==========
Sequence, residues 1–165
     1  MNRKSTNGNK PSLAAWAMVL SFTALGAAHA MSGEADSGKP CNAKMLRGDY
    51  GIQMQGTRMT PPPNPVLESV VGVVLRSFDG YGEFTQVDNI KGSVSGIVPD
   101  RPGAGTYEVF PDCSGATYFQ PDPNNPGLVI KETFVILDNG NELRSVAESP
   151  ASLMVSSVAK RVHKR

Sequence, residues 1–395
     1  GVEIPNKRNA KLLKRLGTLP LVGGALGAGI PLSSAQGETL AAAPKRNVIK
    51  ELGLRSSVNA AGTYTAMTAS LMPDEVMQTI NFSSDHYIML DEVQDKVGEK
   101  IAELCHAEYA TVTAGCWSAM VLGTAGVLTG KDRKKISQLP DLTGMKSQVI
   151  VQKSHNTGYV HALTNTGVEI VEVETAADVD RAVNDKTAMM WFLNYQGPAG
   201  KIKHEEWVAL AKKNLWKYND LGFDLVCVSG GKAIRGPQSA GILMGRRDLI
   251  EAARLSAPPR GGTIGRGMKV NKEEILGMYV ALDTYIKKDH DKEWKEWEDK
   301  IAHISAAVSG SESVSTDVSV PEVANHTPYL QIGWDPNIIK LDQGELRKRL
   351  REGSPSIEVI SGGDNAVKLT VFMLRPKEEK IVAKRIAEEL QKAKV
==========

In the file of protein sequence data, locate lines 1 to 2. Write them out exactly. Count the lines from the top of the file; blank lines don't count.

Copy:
Sequence, residues 1–165
     1  MNRKSTNGNK PSLAAWAMVL SFTALGAAHA MSGEADSGKP CNAKMLRGDY